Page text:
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What to Do if You Change Your Mind After Accepting a Job Offer

by TalentWeb

What To Do If You Change Your Mind After Accepting A Job Offer Featured

​Have you accepted a job offer only to realise you shouldn't have? Changing your mind about starting a new role can happen for a number of reasons. You might encounter a sudden change in personal circumstances or perhaps you’ve realised the job just isn't right for you.

If you're a skilled and experienced professional, it's also possible that you have more than one job offer on the table or you have found a more enticing opportunity you want to pursue.

Although it's natural to feel awkward about declining a job offer you've just accepted, it's important to know how to handle this kind of situation. After all, it’s better to step away from the situation now rather than going ahead with the role and resigning within the first few months.

If you're looking for advice on how to back out of a job offer you’ve already accepted, we'll show you how to approach the situation professionally and with your reputation intact.

Have You Signed a Contract?

Before you notify anyone of your decision, be aware of your current employment status with the organisation. Have you already signed an employment contract? If so, you might be required to give notice. If you have verbally accepted a role but haven’t signed a contract, you can simply tell the employer that you have changed your mind.

If your change of mind is related to some element of the employment contract, there’s still an opportunity to raise your concerns and give your new employer a chance to address the issue. In these situations, clear communication can avoid major misunderstandings.

Think it Through Carefully, But Act Quickly

Changing your mind about a job offer can turn out to be a major life decision, so it's important to be sure about why you don't want the role anymore.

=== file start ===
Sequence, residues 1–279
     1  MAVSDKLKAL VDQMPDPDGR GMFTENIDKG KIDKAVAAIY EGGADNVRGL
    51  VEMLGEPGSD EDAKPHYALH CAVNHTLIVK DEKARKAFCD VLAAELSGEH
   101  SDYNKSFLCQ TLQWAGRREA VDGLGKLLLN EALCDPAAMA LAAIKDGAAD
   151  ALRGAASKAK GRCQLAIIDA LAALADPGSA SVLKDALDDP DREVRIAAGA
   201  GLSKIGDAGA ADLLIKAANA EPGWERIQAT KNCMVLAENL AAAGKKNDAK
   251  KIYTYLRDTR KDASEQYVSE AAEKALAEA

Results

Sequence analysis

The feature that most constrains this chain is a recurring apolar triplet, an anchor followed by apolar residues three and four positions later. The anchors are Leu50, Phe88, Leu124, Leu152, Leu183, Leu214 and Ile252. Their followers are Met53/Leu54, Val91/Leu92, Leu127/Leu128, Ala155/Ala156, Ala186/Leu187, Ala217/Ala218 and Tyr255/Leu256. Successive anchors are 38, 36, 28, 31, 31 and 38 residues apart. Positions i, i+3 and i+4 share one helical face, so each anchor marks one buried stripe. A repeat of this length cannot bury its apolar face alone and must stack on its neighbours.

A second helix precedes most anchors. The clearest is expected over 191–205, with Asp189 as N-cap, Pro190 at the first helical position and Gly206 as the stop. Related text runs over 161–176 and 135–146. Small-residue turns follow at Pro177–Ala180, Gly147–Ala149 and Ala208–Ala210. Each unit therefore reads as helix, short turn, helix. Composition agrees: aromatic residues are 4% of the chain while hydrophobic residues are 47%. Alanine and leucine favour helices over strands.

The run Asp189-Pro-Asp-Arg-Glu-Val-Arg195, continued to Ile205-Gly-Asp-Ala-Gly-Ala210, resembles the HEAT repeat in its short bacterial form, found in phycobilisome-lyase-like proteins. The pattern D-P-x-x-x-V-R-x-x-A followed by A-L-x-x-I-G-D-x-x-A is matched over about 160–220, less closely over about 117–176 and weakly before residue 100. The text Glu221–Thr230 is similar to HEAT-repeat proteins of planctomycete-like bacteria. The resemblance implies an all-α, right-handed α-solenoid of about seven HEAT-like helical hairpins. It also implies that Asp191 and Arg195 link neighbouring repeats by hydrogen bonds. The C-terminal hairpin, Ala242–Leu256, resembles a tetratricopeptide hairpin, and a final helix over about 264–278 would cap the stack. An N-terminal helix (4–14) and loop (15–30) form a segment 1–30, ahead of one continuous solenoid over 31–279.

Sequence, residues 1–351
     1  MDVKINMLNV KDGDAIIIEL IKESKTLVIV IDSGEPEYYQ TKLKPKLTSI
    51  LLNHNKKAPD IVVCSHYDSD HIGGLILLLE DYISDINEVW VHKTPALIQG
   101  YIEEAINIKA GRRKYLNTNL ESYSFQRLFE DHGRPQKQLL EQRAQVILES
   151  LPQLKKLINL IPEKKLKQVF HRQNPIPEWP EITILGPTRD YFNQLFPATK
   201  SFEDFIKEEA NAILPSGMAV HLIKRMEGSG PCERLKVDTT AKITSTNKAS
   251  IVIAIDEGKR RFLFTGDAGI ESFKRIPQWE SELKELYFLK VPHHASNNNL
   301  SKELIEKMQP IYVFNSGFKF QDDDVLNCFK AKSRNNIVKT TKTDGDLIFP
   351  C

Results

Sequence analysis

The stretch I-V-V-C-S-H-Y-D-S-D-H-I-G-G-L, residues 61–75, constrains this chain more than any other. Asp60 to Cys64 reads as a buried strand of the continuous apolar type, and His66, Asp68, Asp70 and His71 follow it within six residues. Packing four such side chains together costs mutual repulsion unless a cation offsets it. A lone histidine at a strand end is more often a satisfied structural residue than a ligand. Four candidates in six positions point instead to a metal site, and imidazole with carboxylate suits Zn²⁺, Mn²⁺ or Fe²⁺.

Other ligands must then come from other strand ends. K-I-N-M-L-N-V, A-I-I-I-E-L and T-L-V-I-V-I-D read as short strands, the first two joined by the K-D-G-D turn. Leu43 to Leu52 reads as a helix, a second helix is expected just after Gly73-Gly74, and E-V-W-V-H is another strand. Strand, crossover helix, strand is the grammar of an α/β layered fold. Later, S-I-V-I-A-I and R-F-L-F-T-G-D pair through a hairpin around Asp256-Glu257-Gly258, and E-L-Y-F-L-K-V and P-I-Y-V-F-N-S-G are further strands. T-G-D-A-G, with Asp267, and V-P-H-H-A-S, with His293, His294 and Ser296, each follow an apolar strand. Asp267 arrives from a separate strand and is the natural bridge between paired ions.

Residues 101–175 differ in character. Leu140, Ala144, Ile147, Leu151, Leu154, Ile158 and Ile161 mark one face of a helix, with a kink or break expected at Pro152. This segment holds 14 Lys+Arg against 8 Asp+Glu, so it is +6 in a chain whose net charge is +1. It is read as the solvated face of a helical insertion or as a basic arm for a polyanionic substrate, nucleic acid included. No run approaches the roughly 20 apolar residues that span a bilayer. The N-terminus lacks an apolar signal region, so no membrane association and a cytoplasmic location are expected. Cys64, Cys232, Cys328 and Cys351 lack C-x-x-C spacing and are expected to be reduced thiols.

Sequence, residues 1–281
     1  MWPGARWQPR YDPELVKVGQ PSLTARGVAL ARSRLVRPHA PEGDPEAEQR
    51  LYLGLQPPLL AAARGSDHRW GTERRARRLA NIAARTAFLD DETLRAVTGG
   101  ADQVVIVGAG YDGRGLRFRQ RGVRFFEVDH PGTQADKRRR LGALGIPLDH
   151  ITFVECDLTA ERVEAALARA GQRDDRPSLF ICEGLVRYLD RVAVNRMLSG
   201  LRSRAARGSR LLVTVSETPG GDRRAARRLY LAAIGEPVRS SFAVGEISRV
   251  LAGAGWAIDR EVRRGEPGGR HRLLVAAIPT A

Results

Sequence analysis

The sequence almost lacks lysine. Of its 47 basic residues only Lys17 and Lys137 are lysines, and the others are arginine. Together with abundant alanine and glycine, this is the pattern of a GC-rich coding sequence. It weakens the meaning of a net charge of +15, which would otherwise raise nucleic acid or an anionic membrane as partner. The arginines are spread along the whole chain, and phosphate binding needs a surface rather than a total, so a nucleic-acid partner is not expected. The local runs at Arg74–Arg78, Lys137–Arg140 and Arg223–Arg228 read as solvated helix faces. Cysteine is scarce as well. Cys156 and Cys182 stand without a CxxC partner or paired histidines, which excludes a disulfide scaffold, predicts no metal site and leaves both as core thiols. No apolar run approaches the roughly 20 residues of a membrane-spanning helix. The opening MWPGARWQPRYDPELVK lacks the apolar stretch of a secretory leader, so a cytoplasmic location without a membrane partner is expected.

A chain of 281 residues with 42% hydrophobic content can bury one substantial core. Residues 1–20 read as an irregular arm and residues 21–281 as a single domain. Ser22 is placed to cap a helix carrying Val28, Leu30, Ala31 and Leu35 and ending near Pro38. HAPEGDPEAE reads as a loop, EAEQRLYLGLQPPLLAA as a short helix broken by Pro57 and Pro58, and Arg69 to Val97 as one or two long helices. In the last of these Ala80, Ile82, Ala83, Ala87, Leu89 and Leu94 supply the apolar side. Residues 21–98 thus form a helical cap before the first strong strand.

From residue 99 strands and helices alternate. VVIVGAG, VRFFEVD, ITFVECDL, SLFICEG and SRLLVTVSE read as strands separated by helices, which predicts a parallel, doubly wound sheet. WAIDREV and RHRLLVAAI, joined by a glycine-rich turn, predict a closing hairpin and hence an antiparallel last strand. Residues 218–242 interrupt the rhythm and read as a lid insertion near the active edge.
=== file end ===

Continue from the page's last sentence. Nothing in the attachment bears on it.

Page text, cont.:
If you're still making your mind up, weigh up all the positive and negative factors to ensure you're certain about your decision before taking action. Also consider what the company means to you in the long-term, as declining the offer at this stage may affect your future chances with them.

Once you have decided on your next move, don't delay in advising the company of your decision. Remember, an employer will appreciate knowing as early as possible that you are declining their offer, rather than spend time and money onboarding someone who won't stay for long.

Be Considerate and Show Gratitude

Telling an employer you've changed your mind about a job offer can be a tense situation, but a courteous approach will help make it less uncomfortable. To communicate your decision, it's ideal to make a phone call first so you can briefly explain your decision and offer a sincere apology. Follow up on the call with an email to confirm your decision in writing.

Remember to thank the employer and show them your gratitude for the offer they made. If you cross paths with the organisation or hiring manager in the future, it's better to have shown professionalism in these circumstances.

Provide Just Enough Detail

Part of handling this situation professionally is giving the employer a brief explanation about why you've changed your mind so they're not left in the dark. However, you'll want to avoid sharing any more detail than is necessary. Oversharing can be a pitfall when having this conversation on the phone, so be aware of any temptation to start talking too much.

State your decision clearly at the start of the conversation and then provide a short explanation. It's okay to give a general explanation without going into explicit detail.

Be Ready to Stand Firm

The employer might try to upsize some element of the job offer, particularly if a hiring manager sees that you are fielding a competing job offer. Be ready to stand your ground when an employer tries to negotiate and convince you to reconsider if you’ve made the decision to withdraw.

Understand your 'red lines' and what elements of a job offer will make or break it for you. Would a bigger salary clinch the deal? Flexible hours? Specific perks? If you decide to negotiate a counteroffer, do keep the hiring manager's perspective in mind – their initial eagerness to hire you might diminish somewhat during a counteroffer process.

Summary

When you're about to turn down a job offer you've already accepted, handling the situation with tact and grace is recommended. Ensure you communicate your intentions in a timely and courteous manner and that you're sure about why you're declining the offer. If you've already signed an employment agreement, check the fine print before you decide to back out.

If you're declining an offer because you've had a change of mind, treat this situation as a learning experience for future job applications. Enlisting a recruiter to help you find your next role will remove the hassle from the process and provide you with a trusted advisor to steer you through the job offer process. Get in touch with our Sydney recruitment agency to take the next step in your career.